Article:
Unlike the Hossack-style forks found in some other models, CFMoto’s setup involves wishbone-shaped links that pivot on the girders both at the front and on brackets attached to a conventional steering stem. When the bars turn, the entire wishbones and shock move, reminiscent of the pre-war girder forks.

An intriguing aspect of CFMoto’s design is the position of the single front shock. Instead of the conventional vertical placement, it is mounted horizontally and transversely below the headlight, necessitating the use of a sophisticated suspension linkage. This configuration employs rockers or bell cranks and a pull-rod system with Öhlins front shock, offering advantages in terms of a more compact layout and the ability to create a rising-rate effect for a progressively stiffer suspension.

Despite these advantages, the girder fork does introduce more un-sprung mass compared to telescopic forks. The Low Ride concept integrates seamlessly with the mechanical components of the existing CL-C 450, including the frame, swingarm, and a 40hp, 449cc parallel-twin engine. This suggests that a production version of the bike could be realized without significant challenges, making it an exciting prospect for the future.

In 2024, Benelli is set to broaden its adventure range with the introduction of a new model tailored for less experienced riders – the Benelli BKX 300. What’s more, enthusiasts can also look forward to an ‘S’ variant of the BKX 300, featuring a motard-style design.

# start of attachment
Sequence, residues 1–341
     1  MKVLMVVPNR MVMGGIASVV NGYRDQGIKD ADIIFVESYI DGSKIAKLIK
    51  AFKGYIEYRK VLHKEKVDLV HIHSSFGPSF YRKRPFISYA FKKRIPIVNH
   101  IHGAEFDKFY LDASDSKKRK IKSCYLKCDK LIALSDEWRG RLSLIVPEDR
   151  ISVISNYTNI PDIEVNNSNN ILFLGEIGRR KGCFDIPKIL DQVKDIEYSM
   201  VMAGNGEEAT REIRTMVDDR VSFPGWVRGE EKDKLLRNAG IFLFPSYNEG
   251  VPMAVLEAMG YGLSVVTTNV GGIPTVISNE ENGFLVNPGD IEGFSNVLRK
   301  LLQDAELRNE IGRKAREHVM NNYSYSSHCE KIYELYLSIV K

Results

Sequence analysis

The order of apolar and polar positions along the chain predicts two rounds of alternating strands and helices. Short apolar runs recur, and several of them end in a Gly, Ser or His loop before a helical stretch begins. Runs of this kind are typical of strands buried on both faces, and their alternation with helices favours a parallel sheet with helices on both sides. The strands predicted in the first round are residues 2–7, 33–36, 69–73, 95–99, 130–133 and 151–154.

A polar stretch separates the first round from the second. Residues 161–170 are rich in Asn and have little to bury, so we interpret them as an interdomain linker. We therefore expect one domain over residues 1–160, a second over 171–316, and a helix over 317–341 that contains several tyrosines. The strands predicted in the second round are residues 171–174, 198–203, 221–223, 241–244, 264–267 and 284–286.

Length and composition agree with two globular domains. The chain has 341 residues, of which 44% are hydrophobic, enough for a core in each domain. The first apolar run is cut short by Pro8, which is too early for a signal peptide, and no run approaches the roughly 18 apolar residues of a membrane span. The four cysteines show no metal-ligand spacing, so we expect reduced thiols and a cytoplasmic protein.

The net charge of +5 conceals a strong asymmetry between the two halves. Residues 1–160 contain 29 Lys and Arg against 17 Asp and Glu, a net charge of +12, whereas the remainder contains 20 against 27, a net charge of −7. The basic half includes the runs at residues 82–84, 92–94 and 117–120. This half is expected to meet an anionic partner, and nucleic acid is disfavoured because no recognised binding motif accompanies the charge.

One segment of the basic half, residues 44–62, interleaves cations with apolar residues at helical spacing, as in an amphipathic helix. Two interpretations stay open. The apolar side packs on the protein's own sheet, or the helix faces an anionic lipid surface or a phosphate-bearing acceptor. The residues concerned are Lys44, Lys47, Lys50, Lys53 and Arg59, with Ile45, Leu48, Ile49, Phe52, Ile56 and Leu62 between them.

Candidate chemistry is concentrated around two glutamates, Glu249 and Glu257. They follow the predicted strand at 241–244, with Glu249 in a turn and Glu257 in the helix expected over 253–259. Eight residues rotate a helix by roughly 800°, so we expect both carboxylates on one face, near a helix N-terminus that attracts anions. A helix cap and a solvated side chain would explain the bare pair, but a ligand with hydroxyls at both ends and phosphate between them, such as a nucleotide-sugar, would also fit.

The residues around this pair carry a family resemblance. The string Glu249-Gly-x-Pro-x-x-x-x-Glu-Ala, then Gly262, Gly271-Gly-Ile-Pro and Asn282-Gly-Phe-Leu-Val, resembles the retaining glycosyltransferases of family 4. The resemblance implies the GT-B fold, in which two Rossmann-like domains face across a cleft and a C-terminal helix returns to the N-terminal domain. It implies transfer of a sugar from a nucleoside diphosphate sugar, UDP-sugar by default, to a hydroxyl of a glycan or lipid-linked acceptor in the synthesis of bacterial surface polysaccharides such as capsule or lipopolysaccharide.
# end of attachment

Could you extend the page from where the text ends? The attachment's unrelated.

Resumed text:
Both the Benelli BKX 300 and BKX 300 S share the same technical foundation, centered around an upgraded version of Benelli’s single-cylinder 250cc engine. Notably, the engine’s displacement has been increased to 292.4cc, achieved through a larger bore of 78mm. This enhancement is complemented by updates to the transmission, an enlargement of both the intake and exhaust valves, modifications to the combustion chamber design, and the integration of a new counterbalance shaft aimed at improving rideability and reducing vibration.

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Laser headlights are nothing new and have been in the automotive market for a while already. However, they have been largely absent from the motorcycle world until 2016 when BMW introduced it for the K1600GT. But for the regular rider, laser headlights have been out of reach. 

One of the benefits of laser headlights is the remarkable distance they are able to illuminate, with the potential to reach up to 600 meters. 

However, their adoption has been hindered by significant production costs and the added weight, particularly in less central areas of the motorcycle. Consequently, leading manufacturers have predominantly favored the more cost-effective, lighter, and sufficiently efficient LED light technology.

Recently however, Yamaha has taken a bold step by registering patents that could revolutionize laser headlamp technology. 

Recognizing the challenges associated with the weight and cost of individual laser bulbs, Yamaha has proposed an innovative solution. The patented system involves installing a single laser in the central area of the motorcycle, close to its center of gravity. 

Optical connections then distribute the illumination to various components such as front lights, rear lights, indicators, and the dashboard. This central light “generator” proves to be highly effective and efficient for all lighting needs, both for service and road visibility.

Looking ahead, it is anticipated that future lighting systems may adopt a hybrid approach, combining LEDs and lasers. This would leverage the short-range effectiveness of LEDs and the unparalleled depth of action provided by lasers.